- Research article
- Open Access
Propensity score weighted associations between financial strain and subsequent inflammatory biomarkers of aging among a representative sample of U.S. older adults
BMC Geriatrics volume 22, Article number: 467 (2022)
Despite known socioeconomic disparities in aging-related outcomes, the underlying physiologic mechanisms are understudied. This study applied propensity score weighting to estimate the effect of financial strain on inflammation-related aging biomarkers among a national sample of older adults.
Financial strain severe enough to lack money for housing, utilities, medical/prescription bills or food was measured among 4,593 community-dwelling National Health and Aging Trends Study participants aged ≥ 65 years in 2016. Inverse probability propensity score weights were generated based on 2015 background characteristics, including age, gender, race/ethnicity, income to poverty ratio, education, occupation, home ownership, retirement, Sect. 8 housing, Medicaid, food/energy assistance, childhood health, marital status, and U.S. region. Sampling weights additionally accounted for study design and non-response.
In propensity score-weighted analyses adjusting for age, gender, race/ethnicity, 2017 income to poverty ratio and education, those with 2016 financial strain had 15% higher IL-6 (p = 0.026) and 20% higher CRP levels (p = 0.002) in 2017 than those who were not strained, but did not differ with regard to hemoglobin A1c or CMV. In weighted comparisons, those with financial strain did not differ from those without with regard any 2015 background characteristics.
These results strengthen the etiologic evidence suggesting that financial strain increases inflammatory biomarkers among older adults. Importantly, inflammation is likely a key physiologic pathway contributing to socioeconomic disparities. Therefore, research is needed to address financial strain.
About one-third of older adults in the United States experience financial strain , or difficulty making ends meet. Financially strained older adults have a higher risk of physical disability, dementia, and earlier mortality [2,3,4]. However, the underlying mechanisms are poorly understood because financial strain cannot be randomly assigned for an experimental study. One study applying propensity score weighting found that financial strain specific to housing costs was associated with higher risk of poor health, hypertension, and arthritis, suggesting that lack of money for basic needs may cause poor health . However, the specific underlying physiological pathways leading from financial strain to aging-related health outcomes are not well understood.
Inflammation is one physiologic pathway that likely is partly responsible for linking financial strain to aging-related outcomes. It is already known that aging itself is associated with increased production of pro-inflammatory cytokines like interleukin-6 (IL-6) and C-reactive protein (CRP) . This perpetuates a chronic low-grade inflammatory phenotype that makes older adults more vulnerable to metabolic dysfunction , including increased hemoglobin A1c levels. Also, inflammation and latent cytomegalovirus (CMV) infection co-occur and may influence each other . These biomarkers—IL-6, CRP, CMV, and hemoglobin A1c—predict earlier disability [9,10,11], dementia [12,13,14], and mortality [15,16,17]. This is likely due to fact that inflammatory biomarkers also predict the cardiometabolic conditions that contribute to risk for disability and dementia and that they are increased by other risk factors, such as smoking [18, 19]. Together, these studies suggest that inflammatory pathways contribute to these aging-related outcomes. However, not all older adults have the same risk for poor outcomes.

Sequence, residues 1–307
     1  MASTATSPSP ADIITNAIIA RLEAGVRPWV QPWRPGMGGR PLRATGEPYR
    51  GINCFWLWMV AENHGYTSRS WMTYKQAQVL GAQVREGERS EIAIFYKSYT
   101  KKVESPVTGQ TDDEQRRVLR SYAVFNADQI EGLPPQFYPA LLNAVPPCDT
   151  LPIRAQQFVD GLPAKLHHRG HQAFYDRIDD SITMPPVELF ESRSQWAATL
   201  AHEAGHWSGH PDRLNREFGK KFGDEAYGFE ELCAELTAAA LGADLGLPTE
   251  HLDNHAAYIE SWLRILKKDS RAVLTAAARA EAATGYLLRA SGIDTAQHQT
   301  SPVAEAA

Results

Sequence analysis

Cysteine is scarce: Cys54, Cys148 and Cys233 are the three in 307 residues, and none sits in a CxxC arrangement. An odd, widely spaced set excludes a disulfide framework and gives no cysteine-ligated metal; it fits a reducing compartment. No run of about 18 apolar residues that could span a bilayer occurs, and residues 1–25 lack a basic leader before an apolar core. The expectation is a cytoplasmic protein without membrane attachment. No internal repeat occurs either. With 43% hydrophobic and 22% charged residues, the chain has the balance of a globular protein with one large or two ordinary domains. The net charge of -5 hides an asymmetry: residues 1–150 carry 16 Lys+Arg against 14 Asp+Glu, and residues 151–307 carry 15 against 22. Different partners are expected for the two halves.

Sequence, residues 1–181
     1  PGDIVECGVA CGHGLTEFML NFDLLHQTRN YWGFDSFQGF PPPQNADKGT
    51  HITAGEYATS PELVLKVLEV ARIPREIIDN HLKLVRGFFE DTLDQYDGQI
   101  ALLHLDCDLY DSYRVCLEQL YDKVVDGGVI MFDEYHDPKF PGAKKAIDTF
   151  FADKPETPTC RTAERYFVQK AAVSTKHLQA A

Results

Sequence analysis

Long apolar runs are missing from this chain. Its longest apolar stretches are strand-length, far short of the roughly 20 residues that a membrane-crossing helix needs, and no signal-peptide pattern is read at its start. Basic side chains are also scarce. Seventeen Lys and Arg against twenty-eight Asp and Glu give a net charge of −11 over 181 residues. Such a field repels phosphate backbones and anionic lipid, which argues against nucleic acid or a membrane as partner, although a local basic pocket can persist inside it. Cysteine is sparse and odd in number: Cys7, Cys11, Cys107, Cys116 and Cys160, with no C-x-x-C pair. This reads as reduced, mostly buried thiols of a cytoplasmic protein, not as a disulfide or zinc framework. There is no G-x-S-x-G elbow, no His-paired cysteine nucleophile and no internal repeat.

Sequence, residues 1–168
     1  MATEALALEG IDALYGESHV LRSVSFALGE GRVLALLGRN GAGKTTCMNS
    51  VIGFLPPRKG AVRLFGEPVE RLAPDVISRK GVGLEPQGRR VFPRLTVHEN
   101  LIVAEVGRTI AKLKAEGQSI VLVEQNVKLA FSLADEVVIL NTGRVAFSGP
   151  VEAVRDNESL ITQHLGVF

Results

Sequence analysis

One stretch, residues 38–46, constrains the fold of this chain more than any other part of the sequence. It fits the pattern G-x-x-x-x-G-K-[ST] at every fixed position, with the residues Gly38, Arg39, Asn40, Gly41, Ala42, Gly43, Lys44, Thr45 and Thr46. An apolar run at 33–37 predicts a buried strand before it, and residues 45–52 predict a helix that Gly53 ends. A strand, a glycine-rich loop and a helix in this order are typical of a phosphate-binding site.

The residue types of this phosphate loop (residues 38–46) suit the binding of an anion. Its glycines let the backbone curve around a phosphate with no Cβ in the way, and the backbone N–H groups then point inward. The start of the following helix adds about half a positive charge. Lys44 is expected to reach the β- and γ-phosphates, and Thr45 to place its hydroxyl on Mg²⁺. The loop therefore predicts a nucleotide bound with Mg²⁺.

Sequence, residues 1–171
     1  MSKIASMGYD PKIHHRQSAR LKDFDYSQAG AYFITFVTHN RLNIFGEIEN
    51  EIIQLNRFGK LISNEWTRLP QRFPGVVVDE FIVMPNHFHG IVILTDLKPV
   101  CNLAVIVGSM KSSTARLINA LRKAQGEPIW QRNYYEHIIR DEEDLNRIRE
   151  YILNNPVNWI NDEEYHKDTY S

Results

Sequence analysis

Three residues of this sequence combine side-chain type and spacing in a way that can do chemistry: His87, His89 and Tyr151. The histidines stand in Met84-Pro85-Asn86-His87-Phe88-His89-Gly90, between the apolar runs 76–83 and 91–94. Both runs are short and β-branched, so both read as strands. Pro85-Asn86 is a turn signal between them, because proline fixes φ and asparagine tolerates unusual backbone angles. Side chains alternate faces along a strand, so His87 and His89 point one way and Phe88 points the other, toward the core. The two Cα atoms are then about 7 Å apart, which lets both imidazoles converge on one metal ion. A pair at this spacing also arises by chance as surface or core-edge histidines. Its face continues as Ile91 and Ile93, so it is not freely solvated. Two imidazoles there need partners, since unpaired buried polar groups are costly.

There is cross-sectional evidence showing relationships between financial strain and inflammation-related biomarkers. Studies conducted among a convenience sample , and a regional sample , have shown that financial strain is associated with higher levels of CRP and IL-6 [20, 21]. Among a national sample of U.S. older adults, financial strain was associated with higher hemoglobin A1c . Together, these cross-sectional studies show correlation, but longitudinal studies with stronger causal methods among nationally representative samples are needed to elucidate underlying mechanisms.
Importantly, each of these inflammatory biomarkers capture distinct relationships between stress and health . For example, secretion of CRP and IL-6 are triggered by the physiologic stress response, and may contribute to metabolic dysfunction including elevated hemoglobin A1c . However, elevated hemoglobin A1c is also likely sensitive to environmental factors including food insecurity . CMV may capture distinct relationships between social environmental characteristics and health because of socioeconomic and geographic differences in latent infection . Determining the specific associations between financial strain and each of these individual biomarkers would allow for better understanding of how to mitigate the impact of financial strain on health.